Our gold diggings [3 May 1851]

[Editor: This article is from the “Local intelligence” section of the Bell’s Life in Sydney and Sporting Reviewer, 3 May 1851.]

“Our” gold diggings.

— A fitting retribution is awaiting those who, lured by the exaggerated announcements of the facilities and advantages held out to gold seekers in the inhospitable and death-fraught regions of California, flocked in shoals from Australia’s equally fortune-favored shores, to struggle for possession of the glittering treasure, amidst privations and sufferings of which no adequate description has ever been suffered to appear in the interested press of that extraordinary country.

It is now ascertained beyond question that GOLD ABOUNDS IN THIS CONTINENT! — to what extent we have yet to learn. Of the fact there is undeniable proof ; and the Government is so satisfied of the reality of the brilliant prospect dawning upon our beautiful country, that it has already in contemplation the expediency of at once issuing licenses for the disembowelling of the precious metal from its hiding places.

The following may be relied upon as an authentic statement of the circumstances which led to the development of the invaluable secret:—

A Mr Hargraves, of Brisbane Water, who had emigrated to California, returned to this country in the early part of the present year, convinced, from his observations of the geological formation, and general features of the American El Dorada, that gold must exist in several districts of this Colony. Imbued with this conviction, he immediately on his return commenced a systematic research in the quarters he deemed most favorable, and on the 12th February last, procured substantial confirmation of his opinion. He then placed himself in communication with the Government, which, while admitting the discoverer’s claim for consideration, declined making any definite promise until the probable extent and value of the gold field had been more clearly and conclusively established.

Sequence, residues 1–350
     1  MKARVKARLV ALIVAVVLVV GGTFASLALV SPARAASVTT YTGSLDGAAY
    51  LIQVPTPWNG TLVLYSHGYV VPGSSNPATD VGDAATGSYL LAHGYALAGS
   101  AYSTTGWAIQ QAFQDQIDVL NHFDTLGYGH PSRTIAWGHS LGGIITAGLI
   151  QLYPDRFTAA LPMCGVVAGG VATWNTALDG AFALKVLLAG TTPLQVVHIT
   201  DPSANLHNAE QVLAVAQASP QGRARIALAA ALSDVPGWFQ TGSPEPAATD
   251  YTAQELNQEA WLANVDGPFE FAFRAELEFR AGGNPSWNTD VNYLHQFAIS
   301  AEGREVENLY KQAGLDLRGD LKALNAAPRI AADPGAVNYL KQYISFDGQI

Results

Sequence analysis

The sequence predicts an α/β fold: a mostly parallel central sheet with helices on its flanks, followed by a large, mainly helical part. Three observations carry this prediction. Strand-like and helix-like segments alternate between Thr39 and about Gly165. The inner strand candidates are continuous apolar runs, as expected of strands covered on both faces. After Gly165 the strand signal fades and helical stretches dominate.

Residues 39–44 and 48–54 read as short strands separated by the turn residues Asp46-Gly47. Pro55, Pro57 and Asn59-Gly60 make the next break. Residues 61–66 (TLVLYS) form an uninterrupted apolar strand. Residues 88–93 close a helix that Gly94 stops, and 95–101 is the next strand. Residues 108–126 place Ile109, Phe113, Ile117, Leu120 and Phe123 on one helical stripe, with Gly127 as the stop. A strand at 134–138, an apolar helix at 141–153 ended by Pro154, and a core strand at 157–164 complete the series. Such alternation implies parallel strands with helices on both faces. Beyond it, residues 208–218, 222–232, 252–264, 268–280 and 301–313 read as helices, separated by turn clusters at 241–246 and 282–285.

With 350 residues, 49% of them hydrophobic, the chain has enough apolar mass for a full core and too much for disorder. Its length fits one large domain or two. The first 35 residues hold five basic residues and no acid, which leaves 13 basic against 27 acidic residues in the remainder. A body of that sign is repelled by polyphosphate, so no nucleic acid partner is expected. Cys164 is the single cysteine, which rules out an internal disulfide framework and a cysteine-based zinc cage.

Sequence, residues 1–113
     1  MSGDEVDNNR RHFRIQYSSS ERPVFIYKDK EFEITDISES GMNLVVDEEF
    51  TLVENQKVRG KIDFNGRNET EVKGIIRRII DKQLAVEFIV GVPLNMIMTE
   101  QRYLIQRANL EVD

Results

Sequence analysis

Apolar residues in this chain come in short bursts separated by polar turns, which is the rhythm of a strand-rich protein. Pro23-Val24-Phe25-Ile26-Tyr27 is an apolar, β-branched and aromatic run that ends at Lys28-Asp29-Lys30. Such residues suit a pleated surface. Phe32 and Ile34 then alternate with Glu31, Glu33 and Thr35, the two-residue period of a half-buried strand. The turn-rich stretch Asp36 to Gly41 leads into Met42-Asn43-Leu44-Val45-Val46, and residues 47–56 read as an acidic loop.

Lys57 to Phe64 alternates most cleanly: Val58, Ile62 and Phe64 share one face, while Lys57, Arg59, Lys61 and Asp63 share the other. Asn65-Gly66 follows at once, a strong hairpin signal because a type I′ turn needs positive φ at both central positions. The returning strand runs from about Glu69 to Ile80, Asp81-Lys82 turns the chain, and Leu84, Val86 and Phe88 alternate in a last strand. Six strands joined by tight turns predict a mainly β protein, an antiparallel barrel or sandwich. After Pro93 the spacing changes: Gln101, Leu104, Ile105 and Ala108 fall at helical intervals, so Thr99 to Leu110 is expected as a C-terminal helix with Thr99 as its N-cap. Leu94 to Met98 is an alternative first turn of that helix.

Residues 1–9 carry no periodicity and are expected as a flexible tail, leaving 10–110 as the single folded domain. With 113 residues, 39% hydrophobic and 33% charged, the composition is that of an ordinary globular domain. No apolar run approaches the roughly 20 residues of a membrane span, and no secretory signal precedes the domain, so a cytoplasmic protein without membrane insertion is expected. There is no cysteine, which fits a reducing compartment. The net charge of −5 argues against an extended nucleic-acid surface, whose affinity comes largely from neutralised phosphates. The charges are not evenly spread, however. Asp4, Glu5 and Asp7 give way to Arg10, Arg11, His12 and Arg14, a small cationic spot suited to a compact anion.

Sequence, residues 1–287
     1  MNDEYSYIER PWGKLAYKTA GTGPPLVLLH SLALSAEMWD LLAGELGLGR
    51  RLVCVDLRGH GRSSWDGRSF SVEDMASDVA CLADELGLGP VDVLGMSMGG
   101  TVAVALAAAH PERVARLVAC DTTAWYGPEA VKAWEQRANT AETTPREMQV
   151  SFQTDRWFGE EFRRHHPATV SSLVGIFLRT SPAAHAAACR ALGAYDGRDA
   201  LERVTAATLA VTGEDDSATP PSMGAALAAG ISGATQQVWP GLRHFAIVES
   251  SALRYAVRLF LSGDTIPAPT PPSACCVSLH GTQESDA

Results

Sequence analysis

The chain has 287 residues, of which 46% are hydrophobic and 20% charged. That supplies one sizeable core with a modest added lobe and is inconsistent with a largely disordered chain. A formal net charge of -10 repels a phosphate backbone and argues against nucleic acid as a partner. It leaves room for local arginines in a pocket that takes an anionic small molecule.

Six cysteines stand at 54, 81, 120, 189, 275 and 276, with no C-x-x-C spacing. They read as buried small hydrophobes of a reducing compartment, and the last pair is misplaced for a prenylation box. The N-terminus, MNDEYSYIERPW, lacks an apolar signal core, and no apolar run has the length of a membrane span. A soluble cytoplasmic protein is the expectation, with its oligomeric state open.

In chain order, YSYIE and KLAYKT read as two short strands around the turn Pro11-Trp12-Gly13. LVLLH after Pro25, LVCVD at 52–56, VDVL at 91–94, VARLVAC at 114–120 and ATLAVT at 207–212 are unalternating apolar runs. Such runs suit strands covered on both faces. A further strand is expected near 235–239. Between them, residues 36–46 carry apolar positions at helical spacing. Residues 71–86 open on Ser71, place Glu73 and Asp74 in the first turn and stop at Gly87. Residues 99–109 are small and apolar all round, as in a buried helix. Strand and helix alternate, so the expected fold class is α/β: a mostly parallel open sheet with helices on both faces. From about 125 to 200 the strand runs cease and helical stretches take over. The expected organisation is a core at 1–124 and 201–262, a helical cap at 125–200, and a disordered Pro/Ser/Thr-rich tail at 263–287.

The interesting question is now in course of solution by Mr Hargraves, in connection with Mr Stutchbury the Geological Surveyor, and the report of these gentlemen will be eagerly looked for. It is certain, however, that three men, with very indifferent machinery at command, in three days exhumed gold to the value of £2 4s. 8d. each per diem: one of them securing a piece weighing upwards of two ounces. Far be it from us unduly to excite the public mind, but private communications having confirmed to our satisfaction the reality of the discovery, we deem it right to give it unreserved publicity.



Source:
Bell’s Life in Sydney and Sporting Reviewer (Sydney, NSW), Saturday 3 May 1851, page 2

Editor’s notes:
diem = (Latin) day

El Dorada = (Spanish) (commonly spelt “El Dorado”) “the gilded one”; a place of abundant wealth (especially of gold) or great opportunity; this was a reference to a wealthy gold-laden land or city that was believed to be located somewhere in South America; “the gilded one” (someone covered in gold) was originally a reference to a South American tribal chief who, as an initiation rite, covered himself with gold dust and dove into a lake

[Editor: Corrected “placed him-himself” to “placed himself”.]
[Editor: The original text has been separated into paragraphs.]

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